|Eurozone, or euro area (in blue).|
In 1998 I voiced my concern about the euro in a Fondad book, Regional Integration and Multilateral Cooperation in the Global Economy (1998), in which I said that I saw a major problem with an unbridled process of ever-deepening regional integration. "How far should it go? Isn't Europe's energetic embracing of a single currency, the Euro, now showing the pitfalls of integration that has gone too fast or too far? Should European nations not put more energy in keeping alive their rich variety of differences - in cultural, social, political and even economic life - rather than almost blindly following the new dogma of 'conversion' of economic policies? ... regional integration should never become a dogma. It is a useful and attractive project as long as those who are intended to benefit from it indeed reap the fruits. ... But on the day that citizens begin to raise serious and well-founded doubts about the supposed beneficial effects, policymakers and entrepreneurs should begin to rethink the wisdom of ever-increasing regional integration. In my view, regional integration should never become an end in itself, but it should be subdued to the broader and 'higher' goals of justice, social equality, cultural identity and respect for nature. In other words, social, political and cultural (and economic!) considerations can be good reasons for a revision of integration plans."
One of the dire consequences of the adoption of the euro was that the Member States of the eurozone (the official name is euro area) no longer had the freedom to implement the political, social and economic policies that their residents wanted. The Maastricht Treaty (1992) convergence criteria or conditions for entering the eurozone meant that a country had to subscribe to a whole set of neoliberal policies and keep its public debt and deficit and inflation at low levels. With these conditions the Maastricht Treaty legitimized and pushed for the austerity policies that since 2010 have been adopted in eurozone countries. Anyone who did not obey and wanted to pursue different policies was threatened with punishment.
The 'convergence' agenda of policies that member countries had to implement, and the establishment of the Eurogroup, ie the group of countries that have adopted the euro, meant in practice that member states had to follow neoliberal policies, even though this has never been explicitly mentioned. Other policies were simply not tolerated.
But, as has happened with the tough prescriptions by the IMF, the powerful countries can always disregard the Maastricht criteria when they think this is in their interest. Germany (after unification with Eastern Germany) and France are examples of poweful countries that broke the Maastricht budget deficit rule. Greece is an example of a weak country that could not escape from the straitjacket of the Maastricht Treaty and the neoliberal consensus of the Eurogroup (of which Greece is a part). When the Tsipras government in 2015 wanted to negotiate a debt deal with the Eurogroup and the ECB (and the IMF), it was simply told that its efforts to end austerity and get debt relief were meaningless as it just had to stick to the euro rules and the debt agreements made by previous governments.
Now that the disastrous consequences of the euro have become visible to more people than just the small group of expert critics, there is increasing doubt about the beneficence of the euro. In several countries voices have called for the abolition or reduction of the role of the euro, and the reintroduction of a national currency.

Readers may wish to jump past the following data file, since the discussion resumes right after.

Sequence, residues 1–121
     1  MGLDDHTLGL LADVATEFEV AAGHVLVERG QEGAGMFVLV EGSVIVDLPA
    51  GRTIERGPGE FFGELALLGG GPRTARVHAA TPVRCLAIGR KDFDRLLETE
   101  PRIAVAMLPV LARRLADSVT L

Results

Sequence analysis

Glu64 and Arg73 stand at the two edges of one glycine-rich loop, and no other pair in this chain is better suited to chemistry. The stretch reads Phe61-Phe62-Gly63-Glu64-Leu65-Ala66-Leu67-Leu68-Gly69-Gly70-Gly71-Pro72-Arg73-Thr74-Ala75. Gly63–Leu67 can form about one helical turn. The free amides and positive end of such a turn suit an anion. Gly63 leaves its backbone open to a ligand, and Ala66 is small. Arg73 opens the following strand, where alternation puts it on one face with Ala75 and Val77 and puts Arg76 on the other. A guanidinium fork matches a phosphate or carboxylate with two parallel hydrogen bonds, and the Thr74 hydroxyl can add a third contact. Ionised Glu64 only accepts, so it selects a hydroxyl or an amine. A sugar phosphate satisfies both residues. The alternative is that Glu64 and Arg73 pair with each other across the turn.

Right-wing populist leaders like Marine Le Pen and Geert Wilders have capitalized on the discomfort over austerity measures. They have announced that they will abandon the euro in their countries if they have the power to do so. Because the National Front of Le Pen in France and the Freedom Party of Wilders in the Netherlands do well in the elections and the polls, receiving more votes than any other party, the European technocrats defending the euro are concerned. They are feverishly searching for ways to prop up the European common currency. Their fear is that if one country leaves the eurozone, others might follow.
Ideas of how Europe could maintain the euro range from restricting it to a number of countries in northern Europe to democratizing the Eurogroup and giving its member states more freedom to implement the policies they see as fit.
There are also those who advocate reintroducing a national currency while preserving the euro as an international means of payment, just like the dollar. Is a breakup of the eurozone possible?
In a paper about the dismantling of the euro, "The Breakup of the Euro Area", the economist Barry Eichengreen, who has studied for many years the European monetary system and the international monetary system and has contributed to Fondad conferences and books, wrote in July 2007 that a country that abandons the euro and reintroduces a national currency might face major technical difficulties. But it can do it. One of the countries that might decide to leave the euro area was Portugal, he said, and another Germany:
"Different countries could abandon the euro for different reasons. One can imagine a country like Portugal, suffering from high labor costs and chronic slow growth, reintroducing the escudo in the effort to engineer a sharp real depreciation and export its way back to full employment. Alternatively, one can imagine a country like Germany, upset that the ECB has come under pressure from governments to relax its commitment to price stability, reintroducing the deutschemark in order to avoid excessive inflation."
A country where plans were made to withdraw from the eurozone and reintroduce the national currency was Greece. Are there similar plans in other countries?
to be continued (and revised)